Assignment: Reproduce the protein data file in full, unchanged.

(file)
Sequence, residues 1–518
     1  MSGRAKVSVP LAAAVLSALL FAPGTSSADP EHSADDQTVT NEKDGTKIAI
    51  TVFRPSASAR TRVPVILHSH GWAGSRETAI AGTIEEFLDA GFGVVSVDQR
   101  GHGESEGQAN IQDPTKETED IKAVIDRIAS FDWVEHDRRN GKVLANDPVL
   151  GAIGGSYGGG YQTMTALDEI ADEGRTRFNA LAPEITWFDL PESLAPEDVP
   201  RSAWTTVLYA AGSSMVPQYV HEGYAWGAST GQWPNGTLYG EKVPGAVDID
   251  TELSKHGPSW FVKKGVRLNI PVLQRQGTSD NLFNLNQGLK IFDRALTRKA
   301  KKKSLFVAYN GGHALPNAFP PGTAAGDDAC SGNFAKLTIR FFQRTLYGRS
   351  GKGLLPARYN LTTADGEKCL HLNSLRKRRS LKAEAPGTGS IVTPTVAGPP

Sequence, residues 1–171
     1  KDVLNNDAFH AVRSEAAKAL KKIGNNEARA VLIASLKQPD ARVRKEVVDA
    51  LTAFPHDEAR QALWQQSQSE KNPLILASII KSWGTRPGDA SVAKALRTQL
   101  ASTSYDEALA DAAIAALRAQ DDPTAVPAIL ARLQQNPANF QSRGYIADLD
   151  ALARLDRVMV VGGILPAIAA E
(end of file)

Sequence, residues 1–518
     1  MSGRAKVSVP LAAAVLSALL FAPGTSSADP EHSADDQTVT NEKDGTKIAI
    51  TVFRPSASAR TRVPVILHSH GWAGSRETAI AGTIEEFLDA GFGVVSVDQR
   101  GHGESEGQAN IQDPTKETED IKAVIDRIAS FDWVEHDRRN GKVLANDPVL
   151  GAIGGSYGGG YQTMTALDEI ADEGRTRFNA LAPEITWFDL PESLAPEDVP
   201  RSAWTTVLYA AGSSMVPQYV HEGYAWGAST GQWPNGTLYG EKVPGAVDID
   251  TELSKHGPSW FVKKGVRLNI PVLQRQGTSD NLFNLNQGLK IFDRALTRKA
   301  KKKSLFVAYN GGHALPNAFP PGTAAGDDAC SGNFAKLTIR FFQRTLYGRS
   351  GKGLLPARYN LTTADGEKCL HLNSLRKRRS LKAEAPGTGS IVTPTVAGPP

Sequence, residues 1–171
     1  KDVLNNDAFH AVRSEAAKAL KKIGNNEARA VLIASLKQPD ARVRKEVVDA
    51  LTAFPHDEAR QALWQQSQSE KNPLILASII KSWGTRPGDA SVAKALRTQL
   101  ASTSYDEALA DAAIAALRAQ DDPTAVPAIL ARLQQNPANF QSRGYIADLD
   151  ALARLDRVMV VGGILPAIAA E